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Cyber Risk and Audit

Clearly, this is the topic of the day, if not the year and decade.

The leader of Protiviti’s IT audit practice, David Brand, has weighed in with “Ten Cybersecurity Action Items for CAEs and Internal Audit Departments”.

He has some valuable ideas that merit consideration, not only by internal auditors, but by security professionals, boards, risk officers, and more broadly among the executive group.

I will let you read his post and suggested action items.

But, as usual, I do have comments.

For a start, the three areas of risk that Brand lists do not top my personal list.

His list does not include the ability of a cyber attack to shut down the company!

When I was at Tosco, an oil and gas refining company, I engaged what was then Anderson (the people are now with Protiviti) to perform some ‘white hat’ intrusion testing. They were able to obtain root level access in one of our refinery’s control systems. That access would have permitted them to change temperature and/or pressure settings that could have led to a fire, explosion, and loss of life. The damage would have shut down the entire refinery, probably leading to the demise of the whole company.

We know that hackers from nation states and others might be interested in attacking our infrastructure systems, again causing catastrophic damage and huge financial loss. Certainly, they might be interested in taking actions that could cause a financial institution to be unable to service its customers.

No wonder the Federal and other governments worry about cyber!

Turning to his ten suggestions, I would prefer greater emphasis on his last point – staffing and resource shortages.

If I was on the board, or helping management assess cyber risk, I would be most concerned about whether the management team has the personnel with the appropriate level of experience and insight to understand cyber risk and adapt as the threats change. I would be concerned about whether they have the budget necessary a well as the influence with management to (a) understand the business risk, and (b) influence them to take necessary actions.

I would also like to see greater emphasis on considering cyber-related risk as new technology is implemented. Before, rather than after the fact! Are the information security personnel appropriately involved when new mobile devices and applications are considered, when Artificial Intelligence and Machine Learning uses are planned, or when the Internet of Things will be leveraged?

I agree with Protiviti that board engagement is important. But would prefer to see them focus their attention on whether management has the capability to manage the risk rather than see them get their fingers into the pie, trying to manage the risk themselves.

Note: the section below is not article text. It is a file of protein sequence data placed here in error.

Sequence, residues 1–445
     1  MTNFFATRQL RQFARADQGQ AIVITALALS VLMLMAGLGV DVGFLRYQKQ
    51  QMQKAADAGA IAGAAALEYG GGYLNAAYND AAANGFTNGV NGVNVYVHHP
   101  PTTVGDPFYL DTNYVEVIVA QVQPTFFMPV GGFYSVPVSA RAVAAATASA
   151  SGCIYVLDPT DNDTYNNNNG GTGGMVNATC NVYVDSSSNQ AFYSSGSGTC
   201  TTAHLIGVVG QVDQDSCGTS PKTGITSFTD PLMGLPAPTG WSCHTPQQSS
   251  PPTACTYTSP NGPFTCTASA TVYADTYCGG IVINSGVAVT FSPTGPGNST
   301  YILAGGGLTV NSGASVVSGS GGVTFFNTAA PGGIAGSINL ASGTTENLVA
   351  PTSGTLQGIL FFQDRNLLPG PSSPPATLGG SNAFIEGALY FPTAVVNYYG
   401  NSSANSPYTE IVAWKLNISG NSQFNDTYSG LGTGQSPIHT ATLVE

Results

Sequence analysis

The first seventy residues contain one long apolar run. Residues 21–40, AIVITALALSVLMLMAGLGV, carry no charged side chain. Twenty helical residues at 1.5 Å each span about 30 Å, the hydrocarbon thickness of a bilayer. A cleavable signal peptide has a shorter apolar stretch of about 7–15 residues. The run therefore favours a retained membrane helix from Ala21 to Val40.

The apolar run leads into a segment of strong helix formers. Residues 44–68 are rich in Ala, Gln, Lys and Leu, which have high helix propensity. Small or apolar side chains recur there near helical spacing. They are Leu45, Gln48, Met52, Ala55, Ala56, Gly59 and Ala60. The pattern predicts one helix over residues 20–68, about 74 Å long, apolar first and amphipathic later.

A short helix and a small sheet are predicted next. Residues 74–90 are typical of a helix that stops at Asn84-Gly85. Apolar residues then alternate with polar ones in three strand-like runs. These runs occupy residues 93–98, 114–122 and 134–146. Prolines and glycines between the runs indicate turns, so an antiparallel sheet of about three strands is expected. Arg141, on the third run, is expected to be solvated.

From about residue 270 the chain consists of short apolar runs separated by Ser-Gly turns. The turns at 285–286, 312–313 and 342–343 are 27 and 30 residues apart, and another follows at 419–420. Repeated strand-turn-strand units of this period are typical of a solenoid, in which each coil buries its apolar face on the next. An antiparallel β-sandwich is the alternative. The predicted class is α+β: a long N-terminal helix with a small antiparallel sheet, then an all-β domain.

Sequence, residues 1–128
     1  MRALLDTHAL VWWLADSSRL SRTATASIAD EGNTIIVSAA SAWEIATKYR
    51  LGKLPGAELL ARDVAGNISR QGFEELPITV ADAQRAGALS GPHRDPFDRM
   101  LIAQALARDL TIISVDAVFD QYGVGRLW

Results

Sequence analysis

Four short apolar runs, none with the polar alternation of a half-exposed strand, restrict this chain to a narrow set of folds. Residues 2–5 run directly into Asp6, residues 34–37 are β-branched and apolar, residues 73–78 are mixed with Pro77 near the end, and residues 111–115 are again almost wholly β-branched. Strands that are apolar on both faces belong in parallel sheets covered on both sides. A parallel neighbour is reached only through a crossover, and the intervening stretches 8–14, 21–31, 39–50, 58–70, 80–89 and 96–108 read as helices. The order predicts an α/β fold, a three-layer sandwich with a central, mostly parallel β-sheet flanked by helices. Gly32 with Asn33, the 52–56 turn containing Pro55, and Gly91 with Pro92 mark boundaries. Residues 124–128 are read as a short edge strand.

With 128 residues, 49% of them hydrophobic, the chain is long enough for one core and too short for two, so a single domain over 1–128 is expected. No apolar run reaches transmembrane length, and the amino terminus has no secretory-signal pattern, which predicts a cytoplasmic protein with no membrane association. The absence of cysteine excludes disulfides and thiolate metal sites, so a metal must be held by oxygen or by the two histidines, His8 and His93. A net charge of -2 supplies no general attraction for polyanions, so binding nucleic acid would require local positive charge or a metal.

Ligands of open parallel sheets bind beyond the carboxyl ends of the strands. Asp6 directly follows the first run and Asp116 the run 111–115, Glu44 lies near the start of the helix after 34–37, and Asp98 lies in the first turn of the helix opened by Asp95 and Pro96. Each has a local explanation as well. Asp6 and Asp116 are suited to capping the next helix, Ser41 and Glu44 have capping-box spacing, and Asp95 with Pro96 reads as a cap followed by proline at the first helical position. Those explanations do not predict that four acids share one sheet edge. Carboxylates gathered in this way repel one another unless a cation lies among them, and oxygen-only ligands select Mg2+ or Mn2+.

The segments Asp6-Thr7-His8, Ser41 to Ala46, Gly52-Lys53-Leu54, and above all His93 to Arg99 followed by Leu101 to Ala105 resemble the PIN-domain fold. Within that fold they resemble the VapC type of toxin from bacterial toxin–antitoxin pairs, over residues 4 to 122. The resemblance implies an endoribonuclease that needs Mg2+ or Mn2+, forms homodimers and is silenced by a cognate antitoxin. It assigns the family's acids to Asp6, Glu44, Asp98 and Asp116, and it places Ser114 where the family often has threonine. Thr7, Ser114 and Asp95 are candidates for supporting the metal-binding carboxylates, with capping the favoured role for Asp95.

So, some useful tips but not, IMHO, a complete list.

What do you think?

  1. Gary Lim
    May 14, 2016 at 4:23 AM

    Generally agree with the views. I notice that the IT Manager can be in an ego stage of telling other management staff that everything in order, this is something not many able to challenge his statement because we lack the knowledge. The white hacker is an excellent idea.

  2. May 14, 2016 at 12:04 PM

    Norman and Gary, I agree with your comments. I think the Protiviti points are a rather random list and my list of actions would be:

    1. Ensure IA has staff who are capable of asking the relevant cybersecurity questions and understanding, and verifying, the answers.
    2. Examine IT management’s work on determining objectives, identifying associated risks and introducing controls, this includes Protiviti points 6 and 7.Not much point in doing points 1-4 until this has been done.
    3. Using the results from 2, take appropriate action to report, educate and test further (incorporates other points).

    I’ve written the above and I’ve suddenly realised I don’t know what the definition of cybersecurity is!. The Protiviti report doesn’t define it. Wikipedia defines it, ‘Computer security, also known as cybersecurity or IT security, is the protection of information systems from theft or damage to the hardware, the software, and to the information on them, as well as from disruption or misdirection of the services they provide.’ So, under this definition, it’s good old IT security! So I disagree with the point made in the Protiviti report that, ‘Cybersecurity has graduated from an IT risk to a strategic risk’. I’ve been around since 80 column punched cards were used for input and it’s been a strategic risk for all of that time.The report states only 73% of IA departments include cybersecurity as part of their audit plan which suggests that a quarter of IA departments haven’t got a proper plan.

  3. Bruce Levinson
    May 17, 2016 at 6:20 AM

    Getting top management commitment and mindset is most crucial. Measuring threat impact to be at its worse. Using Underwriters Lab to oversee eith responsibility to test and maintain is great as they too are most stringent. Hiring a pm with possible military background as,well as 10-20 years knowledge of ITshould all together be successful.

  4. Alex
    June 6, 2016 at 7:48 AM

    This is pretty much terrible. It feels completely disenfranchised from actual security, and heavy on governance of cybersecurity which really doesn’t seem like a 3rd line of defense job.

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